Editor's note: This is our second blog this week about breed labels. If you missed the first, find it here.
The majority of the pets in the care of the Richmond SPCA are ones we have transferred to our humane center from city- or county-operated shelters and a much smaller percentage are those relinquished to us by their owners. Although some dogs will be identified by their owners with certainty as belonging to a particular breed because he or she was purchased from a pet store or breeder, it is much more common that our staff has little more than an animal’s appearance to go on in designating one or two “breeds” to identify the dog, as is usually required by software. However, mixed breed dogs usually are not the offspring of two purebred parents; in fact, it’s likely that neither of their parents was purebred.
And while there is little reliability to breed labels assigned to mixed breed dogs, there is much weight given to those labels because people assume so much about traits and behavior characteristics. Manager of Admissions Laura Palin says she and the admissions counselors she supervises are keenly aware of the burden a breed label can place on a particular dog. A label like shepherd, Chow, pit bull or Rottweiler can cause people to eliminate that dog from consideration as a companion, not based on any behavior or history of that individual animal but because of stigmas associated with the “breed,” even when that breed designation is nothing more than a guess.
Palin said that the weighty decisions over breed label occasionally lead to internal disputes. “Each of us would have pictures from online, the breed books and would even dig up old DNA results to argue our breed reasoning, and in the end it was very rare that you would change anyone’s opinion,” she said. Palin went on to explain her enthusiasm for the Richmond SPCA’s decision not to place such labels on dogs of unknown breed. “A pet’s potential future could be decided by these opinions that not everyone can agree upon anyway.”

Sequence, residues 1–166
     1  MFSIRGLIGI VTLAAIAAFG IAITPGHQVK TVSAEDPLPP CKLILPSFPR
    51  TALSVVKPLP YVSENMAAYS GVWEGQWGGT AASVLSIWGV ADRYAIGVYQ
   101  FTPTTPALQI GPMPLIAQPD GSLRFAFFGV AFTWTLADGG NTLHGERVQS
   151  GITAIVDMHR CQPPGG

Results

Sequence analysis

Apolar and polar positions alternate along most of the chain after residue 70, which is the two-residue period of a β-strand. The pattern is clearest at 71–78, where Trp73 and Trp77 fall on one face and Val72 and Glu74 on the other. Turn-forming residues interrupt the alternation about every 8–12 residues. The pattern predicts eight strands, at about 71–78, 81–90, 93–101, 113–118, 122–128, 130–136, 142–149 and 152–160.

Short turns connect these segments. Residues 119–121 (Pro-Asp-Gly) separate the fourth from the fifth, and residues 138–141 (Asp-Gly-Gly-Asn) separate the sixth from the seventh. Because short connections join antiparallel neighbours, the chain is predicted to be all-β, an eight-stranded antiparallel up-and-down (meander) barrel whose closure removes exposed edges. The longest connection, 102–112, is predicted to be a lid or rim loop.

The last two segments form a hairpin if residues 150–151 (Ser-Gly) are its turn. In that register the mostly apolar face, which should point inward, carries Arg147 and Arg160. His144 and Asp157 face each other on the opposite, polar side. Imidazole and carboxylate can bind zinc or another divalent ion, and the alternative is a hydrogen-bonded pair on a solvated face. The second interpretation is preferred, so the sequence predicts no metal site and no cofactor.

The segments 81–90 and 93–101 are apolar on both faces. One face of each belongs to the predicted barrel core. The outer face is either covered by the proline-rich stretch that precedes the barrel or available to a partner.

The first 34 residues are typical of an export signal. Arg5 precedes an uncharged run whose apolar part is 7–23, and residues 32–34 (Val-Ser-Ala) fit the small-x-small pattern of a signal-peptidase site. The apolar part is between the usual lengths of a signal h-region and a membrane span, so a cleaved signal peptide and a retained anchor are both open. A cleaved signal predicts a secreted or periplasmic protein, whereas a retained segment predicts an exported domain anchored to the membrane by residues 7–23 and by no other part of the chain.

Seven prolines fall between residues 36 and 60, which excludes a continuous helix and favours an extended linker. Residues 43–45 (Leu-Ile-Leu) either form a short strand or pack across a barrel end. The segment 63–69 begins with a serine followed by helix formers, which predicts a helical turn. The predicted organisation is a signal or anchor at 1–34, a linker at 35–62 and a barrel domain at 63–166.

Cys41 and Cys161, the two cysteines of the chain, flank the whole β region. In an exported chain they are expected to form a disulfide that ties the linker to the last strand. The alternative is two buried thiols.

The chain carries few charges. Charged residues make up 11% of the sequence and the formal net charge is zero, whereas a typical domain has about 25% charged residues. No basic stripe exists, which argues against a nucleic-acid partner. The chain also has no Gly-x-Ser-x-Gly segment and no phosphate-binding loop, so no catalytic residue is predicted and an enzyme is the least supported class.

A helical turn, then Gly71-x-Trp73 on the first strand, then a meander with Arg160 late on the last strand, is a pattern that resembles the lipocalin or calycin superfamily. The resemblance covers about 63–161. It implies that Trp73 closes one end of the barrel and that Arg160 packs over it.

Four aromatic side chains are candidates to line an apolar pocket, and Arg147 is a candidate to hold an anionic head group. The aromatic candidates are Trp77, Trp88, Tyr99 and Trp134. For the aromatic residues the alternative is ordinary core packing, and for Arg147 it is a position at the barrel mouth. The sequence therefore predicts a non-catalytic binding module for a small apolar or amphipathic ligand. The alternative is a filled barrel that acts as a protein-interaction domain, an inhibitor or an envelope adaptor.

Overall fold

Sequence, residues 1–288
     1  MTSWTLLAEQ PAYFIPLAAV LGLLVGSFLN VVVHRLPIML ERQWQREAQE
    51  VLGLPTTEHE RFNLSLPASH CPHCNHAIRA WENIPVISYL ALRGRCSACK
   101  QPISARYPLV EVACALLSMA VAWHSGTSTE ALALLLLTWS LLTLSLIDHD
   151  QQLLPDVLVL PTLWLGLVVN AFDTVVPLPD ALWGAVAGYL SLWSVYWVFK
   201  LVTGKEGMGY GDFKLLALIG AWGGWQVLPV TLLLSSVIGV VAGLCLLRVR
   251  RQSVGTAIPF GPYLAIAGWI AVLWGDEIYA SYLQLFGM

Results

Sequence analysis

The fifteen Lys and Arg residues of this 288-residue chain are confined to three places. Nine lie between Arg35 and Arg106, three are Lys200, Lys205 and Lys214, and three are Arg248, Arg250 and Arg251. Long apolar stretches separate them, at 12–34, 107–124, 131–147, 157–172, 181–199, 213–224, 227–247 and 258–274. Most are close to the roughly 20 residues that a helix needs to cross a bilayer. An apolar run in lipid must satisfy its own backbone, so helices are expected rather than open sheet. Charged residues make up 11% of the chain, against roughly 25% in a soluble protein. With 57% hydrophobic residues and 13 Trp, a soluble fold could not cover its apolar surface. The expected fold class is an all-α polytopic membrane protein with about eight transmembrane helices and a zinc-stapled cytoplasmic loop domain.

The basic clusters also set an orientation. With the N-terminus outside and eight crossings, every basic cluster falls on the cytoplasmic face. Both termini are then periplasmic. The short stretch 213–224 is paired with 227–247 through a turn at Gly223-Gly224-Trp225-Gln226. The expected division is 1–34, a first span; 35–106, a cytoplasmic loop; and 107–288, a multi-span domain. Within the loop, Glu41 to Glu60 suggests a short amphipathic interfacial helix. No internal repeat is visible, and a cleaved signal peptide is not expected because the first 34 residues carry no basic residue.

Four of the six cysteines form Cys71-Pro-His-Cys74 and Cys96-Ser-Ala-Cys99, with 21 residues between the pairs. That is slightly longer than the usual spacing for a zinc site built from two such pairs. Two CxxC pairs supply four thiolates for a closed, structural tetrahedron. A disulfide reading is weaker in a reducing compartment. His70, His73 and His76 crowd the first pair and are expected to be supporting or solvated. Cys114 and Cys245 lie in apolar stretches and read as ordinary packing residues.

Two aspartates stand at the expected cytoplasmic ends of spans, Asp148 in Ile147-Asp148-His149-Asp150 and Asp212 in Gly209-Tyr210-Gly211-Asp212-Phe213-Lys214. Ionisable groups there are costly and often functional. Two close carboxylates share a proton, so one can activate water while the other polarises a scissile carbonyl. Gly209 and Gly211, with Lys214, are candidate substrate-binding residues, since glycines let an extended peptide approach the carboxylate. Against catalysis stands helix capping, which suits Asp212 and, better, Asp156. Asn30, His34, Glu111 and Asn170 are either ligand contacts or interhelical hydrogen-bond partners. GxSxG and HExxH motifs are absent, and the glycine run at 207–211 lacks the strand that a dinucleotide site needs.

Many of the counselors can recall specific dogs whose “breed” identity has been a complex mystery, which they felt pressured to force into two neat boxes. One dog that Amberlyn Pryor and Alicia Kurz transferred from Petersburg Animal Control had been found as a stray, and the Petersburg shelter called her a Shiba Inu mix, possibly indicated by her thick coat and curved tail, but they also saw the build and long nose of a Labrador retriever. And, let’s face it highly exotic breeds are possible but not very likely.
“Admittedly we were only guessing,” said Pryor. “Writing ‘mixed breed’ is better than random guessing based on head shape or coat length because in the end the dog’s DNA could be a mixture of four or five breeds, many of which we never would have guessed.”
Another counselor, Natalie Ogden, adopted a dog who had been the subject of much discussion and debate. She had transferred Halligan from Dinwiddie Animal Control, where there was no history provided for the distinctive looking dog with one blue eye and one brown eye, distinctive spots, semi-erect ears and a stocky stance.
“After much speculation and discussion, I believe the breed mix we settled on was Dalmatian and Catahoula mix,” Ogden said. “Of course, 6 months later, I did a DNA test for him and the results came back saying he is a purebred American Staffordshire Terrier.”
It is part of human nature to want to categorize things, including animals. We have a much more evidence-based system of categories in Meet Your Match. Through this adoption program that has been used at the Richmond SPCA since 2008, we assign each dog a Canine-ality after an assessment of the dog’s behavior, energy level, focus and previous training. The fun labels that result – such as Go Getter, Couch Potato, Goofball and more – give much more insight than a guess about breed, and we share all the assessment notes with potential adopters, who learn whether their new companions are likely to settle quickly in a crate, how they like to greet visitors, and if they prefer tennis balls to squeaky plush toys, among other characteristics.
We recognize that our views on dogs as individuals are not yet universal, and particularly aren’t typically shared by landlords and insurance companies. When a dog has visual characteristics that are likely to be covered by breed-based exclusions, we will continue to counsel adopters about the restrictions and discrimination that they may face. For those who are looking for some certainty on a dog’s genetic makeup, our Lora Robins Gift Shop offers the Wisdom Panel DNA testing kit. With a simple cheek swab, you can send a sample of your dog’s saliva and receive results by email that will serve to satisfy curiosity or provide documentation.
Tabitha Treloar is the director of communications for the Richmond SPCA. Before posting a comment, please review our comment guidelines. Please note that our comment policy requires both your first and last name to be used as your screen name.